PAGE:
Six Victoria police officers whose actions were investigated after a man’s ribs were broken while he was being arrested last year have been cleared by the province’s police watchdog.
The Independent Investigations Office (IIO) of BC was called to investigate after a man was injured while being arrested on June 5. The man suffered broken ribs and a pneumothorax, which is excess air between the lungs and chest wall.
According to the report, a man was seen on the front lawn of the complex where he lived burning a pair of rubber boots with a hand-held blowtorch on June 5. Later that day, a nieghbour complained that a burning rubber smell was coming from the man’s unit and 911 was called.
Two police officers went to the man’s residence. One of them spoke to the man briefly thorugh the window. They then spoke with a mental health professional nearby and were advised the man’s neighbours were fearful because the man had threatened to kill one of them. The officers were also told that two weeks prior, the man had cut the live electrical wire for his stove and discarded his stove onto the lawn of the property.
The officers then decided the man should be apprehended pursuant to the Mental Health Act. During the apprehnsion, one of the officers requested further Victoria police members come to the man’s residence due to a struggle with the man. The man was eventually taken to hospital by an ambulance.
According to IIO, the Mental Health Act provides for police apprehension of a person who is “acting in a manner likely to endanger that person’s own safety or the safety of others” and is “apparently a person with a mental disoder.”
“A police officer who is acting as required or authorized by law is, if he acts on reasonable grounds, justified in doing what he is required or authorized to do and in using as much force as is necessary for that purpose,” Ronald J. MacDonald, the IIO’s chief civilian director, said in the report released on Tuesday.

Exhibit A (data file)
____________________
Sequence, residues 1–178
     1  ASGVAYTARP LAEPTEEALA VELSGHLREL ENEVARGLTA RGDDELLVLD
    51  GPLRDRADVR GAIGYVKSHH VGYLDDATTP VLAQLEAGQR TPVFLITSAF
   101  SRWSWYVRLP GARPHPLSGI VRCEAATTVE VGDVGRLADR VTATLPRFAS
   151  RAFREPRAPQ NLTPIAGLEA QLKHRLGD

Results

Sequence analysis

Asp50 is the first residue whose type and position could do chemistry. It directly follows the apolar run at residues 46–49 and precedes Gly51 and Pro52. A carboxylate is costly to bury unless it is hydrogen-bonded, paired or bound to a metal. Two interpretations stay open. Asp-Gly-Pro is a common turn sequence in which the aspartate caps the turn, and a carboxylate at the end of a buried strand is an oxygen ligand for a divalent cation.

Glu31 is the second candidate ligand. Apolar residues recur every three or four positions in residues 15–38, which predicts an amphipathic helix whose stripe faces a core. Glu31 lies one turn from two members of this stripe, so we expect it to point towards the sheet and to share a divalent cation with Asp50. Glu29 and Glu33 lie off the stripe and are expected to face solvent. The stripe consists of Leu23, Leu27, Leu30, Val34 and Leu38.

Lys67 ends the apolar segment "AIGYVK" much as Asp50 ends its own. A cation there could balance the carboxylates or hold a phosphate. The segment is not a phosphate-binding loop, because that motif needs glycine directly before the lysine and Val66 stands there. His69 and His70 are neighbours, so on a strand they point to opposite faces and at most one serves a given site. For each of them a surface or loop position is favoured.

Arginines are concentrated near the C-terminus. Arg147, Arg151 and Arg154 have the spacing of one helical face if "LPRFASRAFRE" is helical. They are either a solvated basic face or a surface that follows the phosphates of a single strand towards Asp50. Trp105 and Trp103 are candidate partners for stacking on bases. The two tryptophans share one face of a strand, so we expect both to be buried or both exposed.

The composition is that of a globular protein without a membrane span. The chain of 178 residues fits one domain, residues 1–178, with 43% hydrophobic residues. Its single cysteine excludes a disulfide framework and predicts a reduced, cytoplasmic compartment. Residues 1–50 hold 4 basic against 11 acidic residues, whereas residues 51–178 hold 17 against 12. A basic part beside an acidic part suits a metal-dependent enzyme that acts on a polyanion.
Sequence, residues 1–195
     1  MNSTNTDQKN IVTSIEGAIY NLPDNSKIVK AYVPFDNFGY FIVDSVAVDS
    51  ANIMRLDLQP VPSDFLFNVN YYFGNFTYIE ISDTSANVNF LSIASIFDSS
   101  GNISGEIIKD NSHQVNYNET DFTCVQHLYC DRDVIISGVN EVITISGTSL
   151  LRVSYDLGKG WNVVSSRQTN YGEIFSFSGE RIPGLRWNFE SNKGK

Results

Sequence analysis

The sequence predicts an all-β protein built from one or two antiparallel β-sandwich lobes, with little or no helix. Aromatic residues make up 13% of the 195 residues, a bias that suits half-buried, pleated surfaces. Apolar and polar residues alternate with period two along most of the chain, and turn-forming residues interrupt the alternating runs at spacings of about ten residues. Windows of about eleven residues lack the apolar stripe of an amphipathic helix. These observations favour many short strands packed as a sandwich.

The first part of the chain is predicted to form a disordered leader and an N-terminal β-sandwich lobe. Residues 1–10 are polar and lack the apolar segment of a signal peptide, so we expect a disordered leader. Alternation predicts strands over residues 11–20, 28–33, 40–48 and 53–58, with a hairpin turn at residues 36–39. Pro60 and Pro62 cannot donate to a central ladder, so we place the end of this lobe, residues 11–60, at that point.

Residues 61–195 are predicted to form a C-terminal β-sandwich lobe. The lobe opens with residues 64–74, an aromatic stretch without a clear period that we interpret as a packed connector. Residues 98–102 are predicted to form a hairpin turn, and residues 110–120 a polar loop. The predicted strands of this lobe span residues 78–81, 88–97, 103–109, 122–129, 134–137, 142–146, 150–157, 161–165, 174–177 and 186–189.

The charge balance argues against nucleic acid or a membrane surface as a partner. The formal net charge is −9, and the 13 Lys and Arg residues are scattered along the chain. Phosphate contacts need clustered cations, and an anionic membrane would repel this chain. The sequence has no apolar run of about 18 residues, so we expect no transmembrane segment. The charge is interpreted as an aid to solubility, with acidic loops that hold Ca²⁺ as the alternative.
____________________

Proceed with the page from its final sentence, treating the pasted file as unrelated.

The report said not one of the witnesses, neither civilian or police, suggested excessive or unreasonable force was used to apprehend the man and all witnesses agreed that the man was unreasonably uncooperative with the police.
“There is no evidence that any officer used excessive or unreasonable force,” the report said.
“The evidence collected does not provide grounds to consider any charges against any officer. Indeed, the evidence shows that the officers acted as required by their duties and in accordance with the law.”
MacDonald said there is no evidence to show the injury happened during the man’s interaction with police and if it did, it was an accidental result of the man’s ongoing struggle and not from excessive or unnecessary force of the officers.
“Accordingly, as the Chie Civilian Director of the IIO, I do not consider that an officer may have committed an offence under any enactment and therefore, the matter will not be referred to Crown counsel for consideration of charges,” MacDonald said.